There are probably not even 100 potters that fetch decent money on the secondary market. That market virtually being Ebay alone now,as most bricks and mortar auctioneers have not got a clue about Studio pottery. You might as well reverse the question,and ask why certain potters actually make ANY money! Laughter
Lists... Vera Tollow,Paul Barron,David Lloyd Jones,Arthur Griffiths,Peter Dick, Michael Bayley,Val Barry,Mary White, Jim Robison.Owen Thorpe,Frank Hamer,George Wilson,Ian Pirie,West Marshall.... where does one stop?
And as for Living potters. Where does One start? Laughter
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Re: Most undervalued Potters?

Post by NaomiM on March 8th 2013, 7:59 am

Reminds me of a discussion about the average income for published novelists, which is just 6000 a year and dropping. The millions made by the likes of Danielle Steel, JK Rowling, and Barbara Cartland are the very rare exception in the industry.
For most authors writing is a second job, rather than their main one.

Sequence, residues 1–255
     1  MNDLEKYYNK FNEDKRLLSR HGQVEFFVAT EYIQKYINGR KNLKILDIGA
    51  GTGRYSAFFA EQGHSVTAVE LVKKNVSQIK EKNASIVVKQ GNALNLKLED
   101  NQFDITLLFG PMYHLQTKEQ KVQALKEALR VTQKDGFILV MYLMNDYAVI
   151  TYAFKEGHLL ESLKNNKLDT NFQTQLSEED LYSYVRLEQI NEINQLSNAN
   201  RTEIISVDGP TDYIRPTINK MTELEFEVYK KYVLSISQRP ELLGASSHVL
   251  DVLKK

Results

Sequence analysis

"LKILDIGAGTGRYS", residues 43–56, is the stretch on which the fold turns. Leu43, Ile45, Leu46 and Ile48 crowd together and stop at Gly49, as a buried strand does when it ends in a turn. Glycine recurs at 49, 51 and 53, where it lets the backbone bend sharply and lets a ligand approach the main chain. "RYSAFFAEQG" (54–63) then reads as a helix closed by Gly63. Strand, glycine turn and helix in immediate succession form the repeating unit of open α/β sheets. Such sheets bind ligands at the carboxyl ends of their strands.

I think Julian Bellmont (trained at Aldermaston) is undervalued, and I note that he's since moved to a job in education, presumably because he couldn't make a living just through pottery.

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Re: Most undervalued Potters?

Post by big ed on March 8th 2013, 9:34 am

I'm not really sure about this undervalued thing , just because someone makes nice pots doesn't make it a right that they should have a living out of it , maybe making just nice pots could be their problem , maybe if they left the safety net of the norm they might do better , there are thousands worldwide who do make a living and quite rightly so there are many good ones who for them it's a sort of hobby , like many sportsmen and women , secondary jobs are needed , people see golfers raking in millions at the top , but the truth is even the pros barely scrape by on tour , some making a loss , what separates succesful potters from ok potters is a few points , the subject of their work , how innovative it is , how high their profile is made ( i don't just mean having a pot in the V&A) or doing the circus tour of fairs , you have to make the public /collectors really desire the work not just like , like is good but that's all it is imo.